Described as a re-imagining of Mary Shelley’s Frankenstein, the novel Broken, written by AE Rought, has been optioned for a TV series by ABC Family. But Rought has been busy, and November saw the release of Broken’s sequel, Tainted, in which Alex Franks has to deal with the consequences of his evil scientist father’s actions in bringing him back from the dead – at a high cost.
When Rought decided which Gothic horror she wanted to re-imagine, she never intended for it to be a mere retelling. She says: “I pored over Frankenstein, the mythos as seen by others, the wiki pages, movies, and so on.
“Moments and traits stood out, and I wrote them down. Then I turned them, twisted them, found a way to use them that fit my characters.”
Many of the characters in Tainted are motivated by selfish-ness in their actions, putting their own desires before the good of others.
Rought explains: “For me, that selfishness harkens back to my take on Shelley’s Frankenstein. Victor was so bent on creating life; whether he should or shouldn’t didn’t enter the equation. It was all him, his wants, achieving his goal. I used a reflection of that to taint the Franks men.
“Also, I believe we’re products of our environment, and Alex has a dark, dark shadow to climb out from. His father, in some ways likened to Shelley’s modern Prometheus, had been grooming Alex his whole life.
“The changes made in him before the series opens set him on a path to traversing from selfishness to nobility and sacrifice.”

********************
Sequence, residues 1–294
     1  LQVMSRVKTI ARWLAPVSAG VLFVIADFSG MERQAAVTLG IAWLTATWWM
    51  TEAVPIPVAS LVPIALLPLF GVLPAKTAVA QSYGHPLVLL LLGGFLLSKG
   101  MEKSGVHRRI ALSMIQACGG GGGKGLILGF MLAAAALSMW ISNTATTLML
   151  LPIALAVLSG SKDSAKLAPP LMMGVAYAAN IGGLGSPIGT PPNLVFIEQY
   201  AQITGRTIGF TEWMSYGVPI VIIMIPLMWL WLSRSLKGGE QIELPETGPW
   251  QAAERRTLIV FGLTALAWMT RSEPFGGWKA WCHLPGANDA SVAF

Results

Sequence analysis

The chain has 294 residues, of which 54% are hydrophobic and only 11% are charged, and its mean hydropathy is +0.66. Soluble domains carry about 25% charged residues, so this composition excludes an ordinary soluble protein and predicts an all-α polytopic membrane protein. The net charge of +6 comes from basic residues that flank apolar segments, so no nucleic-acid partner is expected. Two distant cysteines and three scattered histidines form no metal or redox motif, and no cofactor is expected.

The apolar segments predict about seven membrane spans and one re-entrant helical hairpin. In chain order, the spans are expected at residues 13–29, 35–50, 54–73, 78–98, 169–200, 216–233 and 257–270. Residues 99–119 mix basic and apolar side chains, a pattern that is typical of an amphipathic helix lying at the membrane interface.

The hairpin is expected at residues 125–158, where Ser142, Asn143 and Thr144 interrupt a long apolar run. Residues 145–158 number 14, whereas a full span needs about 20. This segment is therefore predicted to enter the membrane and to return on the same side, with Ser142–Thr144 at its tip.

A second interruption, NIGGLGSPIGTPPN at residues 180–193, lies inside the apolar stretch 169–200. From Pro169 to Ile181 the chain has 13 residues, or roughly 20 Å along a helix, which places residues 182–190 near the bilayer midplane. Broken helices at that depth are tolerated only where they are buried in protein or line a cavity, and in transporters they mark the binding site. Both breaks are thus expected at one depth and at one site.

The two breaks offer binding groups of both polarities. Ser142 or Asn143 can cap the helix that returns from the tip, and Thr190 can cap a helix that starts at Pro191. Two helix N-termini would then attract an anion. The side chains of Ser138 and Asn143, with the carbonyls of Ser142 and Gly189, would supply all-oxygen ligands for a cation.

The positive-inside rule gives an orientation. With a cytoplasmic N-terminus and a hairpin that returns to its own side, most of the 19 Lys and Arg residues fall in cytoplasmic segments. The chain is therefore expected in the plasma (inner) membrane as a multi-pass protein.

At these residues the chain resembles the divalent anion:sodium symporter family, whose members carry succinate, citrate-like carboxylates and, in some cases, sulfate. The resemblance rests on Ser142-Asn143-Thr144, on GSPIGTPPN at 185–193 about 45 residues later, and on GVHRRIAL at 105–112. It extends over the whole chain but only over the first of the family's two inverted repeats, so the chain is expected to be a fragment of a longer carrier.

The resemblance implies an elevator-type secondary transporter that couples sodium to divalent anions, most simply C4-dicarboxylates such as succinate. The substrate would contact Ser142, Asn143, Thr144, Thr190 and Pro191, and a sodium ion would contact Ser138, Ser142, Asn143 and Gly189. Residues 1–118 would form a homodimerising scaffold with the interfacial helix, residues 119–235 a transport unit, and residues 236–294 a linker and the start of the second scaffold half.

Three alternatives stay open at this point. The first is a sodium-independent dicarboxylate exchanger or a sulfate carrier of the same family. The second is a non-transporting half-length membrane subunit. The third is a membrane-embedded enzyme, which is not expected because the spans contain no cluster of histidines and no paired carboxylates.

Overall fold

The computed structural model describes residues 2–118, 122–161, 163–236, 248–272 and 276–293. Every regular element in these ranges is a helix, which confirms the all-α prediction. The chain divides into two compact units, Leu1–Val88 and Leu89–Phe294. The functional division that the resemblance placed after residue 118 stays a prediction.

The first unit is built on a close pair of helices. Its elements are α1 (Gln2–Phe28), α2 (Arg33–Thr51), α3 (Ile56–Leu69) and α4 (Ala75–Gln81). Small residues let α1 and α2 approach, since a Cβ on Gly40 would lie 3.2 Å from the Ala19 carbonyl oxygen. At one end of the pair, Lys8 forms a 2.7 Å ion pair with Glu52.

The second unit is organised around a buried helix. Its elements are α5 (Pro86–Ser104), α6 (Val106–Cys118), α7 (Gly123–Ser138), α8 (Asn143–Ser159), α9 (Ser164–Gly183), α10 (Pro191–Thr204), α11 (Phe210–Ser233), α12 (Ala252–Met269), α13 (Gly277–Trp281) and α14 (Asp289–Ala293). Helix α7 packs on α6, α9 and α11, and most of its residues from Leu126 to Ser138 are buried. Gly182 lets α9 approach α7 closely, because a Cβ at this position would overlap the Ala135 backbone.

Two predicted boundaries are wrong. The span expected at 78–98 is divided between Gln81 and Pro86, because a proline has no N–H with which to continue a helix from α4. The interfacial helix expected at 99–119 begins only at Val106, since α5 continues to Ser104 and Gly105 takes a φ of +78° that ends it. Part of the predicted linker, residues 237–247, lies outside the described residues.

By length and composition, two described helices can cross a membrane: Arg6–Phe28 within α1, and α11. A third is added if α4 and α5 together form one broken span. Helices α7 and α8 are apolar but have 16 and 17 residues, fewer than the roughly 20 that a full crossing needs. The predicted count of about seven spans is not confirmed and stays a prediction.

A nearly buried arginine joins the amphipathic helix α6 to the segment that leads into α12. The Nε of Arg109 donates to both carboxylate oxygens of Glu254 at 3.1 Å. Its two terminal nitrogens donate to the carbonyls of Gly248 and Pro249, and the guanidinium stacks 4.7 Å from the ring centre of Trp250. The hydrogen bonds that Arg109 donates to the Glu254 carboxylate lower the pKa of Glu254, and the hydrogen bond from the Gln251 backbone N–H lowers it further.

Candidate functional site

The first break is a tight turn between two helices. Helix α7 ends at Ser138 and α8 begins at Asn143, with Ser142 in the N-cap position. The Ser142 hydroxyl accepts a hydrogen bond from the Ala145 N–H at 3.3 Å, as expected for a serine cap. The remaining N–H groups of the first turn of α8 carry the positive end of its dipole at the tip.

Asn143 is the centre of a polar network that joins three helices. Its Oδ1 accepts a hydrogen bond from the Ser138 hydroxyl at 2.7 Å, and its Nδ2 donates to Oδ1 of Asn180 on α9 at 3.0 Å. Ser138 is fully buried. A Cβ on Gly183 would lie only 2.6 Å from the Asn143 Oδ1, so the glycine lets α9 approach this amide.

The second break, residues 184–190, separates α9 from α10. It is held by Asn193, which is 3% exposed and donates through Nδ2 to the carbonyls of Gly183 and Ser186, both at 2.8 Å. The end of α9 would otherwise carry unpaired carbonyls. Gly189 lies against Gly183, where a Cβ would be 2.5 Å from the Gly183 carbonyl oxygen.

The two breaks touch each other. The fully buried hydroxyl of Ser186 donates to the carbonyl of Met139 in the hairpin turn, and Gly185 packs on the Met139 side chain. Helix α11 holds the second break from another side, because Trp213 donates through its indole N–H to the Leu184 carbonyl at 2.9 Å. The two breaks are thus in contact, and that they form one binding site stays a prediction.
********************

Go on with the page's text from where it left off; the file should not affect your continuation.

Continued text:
Of course, in a tale where morality isn’t always black and white, it helps to have a villain to surpass expectations, and this is provided in the form of Alex’s ultimately creepy ex-girlfriend, Hailey Westmore.
“Hailey was a blast to write,” says Rought. “I think her intelli-gence and deviousness were the most fun.
“I even interviewed the local chief of police, to fully understand how she could get away with what she did. Even if every little detail didn’t make it into the book, they live in a notebook on my desk.”
Another aspect of Tainted that quickly becomes clear is that Alex’s ability to solve his problems is paralysed by his over-reliance on others, such as his mentor Paul, at the laboratory on which he relies for his weekly “fixes”.
And it’s understandable, that after all that he’s been through, he just wants to live a normal life – but that’s not to be.
Rought elaborates: “I purposefully tied Alex’s hands when I plotted the novel. It wasn’t believable to me that an 18-year-old boy be put in charge of everything. He’s smart and wealthy, but he is still a teen.
“I also use this to show that outside a book’s pages, in the real world, teens have rules to follow, protocols they can’t escape. Those fetters can cut and chafe when teens are going through growing pains, trying to find their place in the world.”
As for what she loves the most about her genre, Rought says: “I once told my agent I wanted to write a light, happy contemporary romance. She sniggered a bit, and replied: ‘Oh, honey. You’re dark.’ She’s right. I’m not happy as an author unless I’m making my characters miserable, the evil is real, and there’s a little ‘more’ to the story. How can I break their hearts? How can I inflict pain?
“For Broken and Tainted, the Gothic horrors provide so many avenues to explore when it comes to character torture.”
Tainted finishes with loose ends, but Rought at present has no plans for continuing her characters’ story.
The author concludes: “I left the ending as open as I did because life isn’t tidy, everything doesn’t end when you’re finally with the right person, have the right job, and so on. “Events still unfold, a deeper dark can still lurk in the shadows.”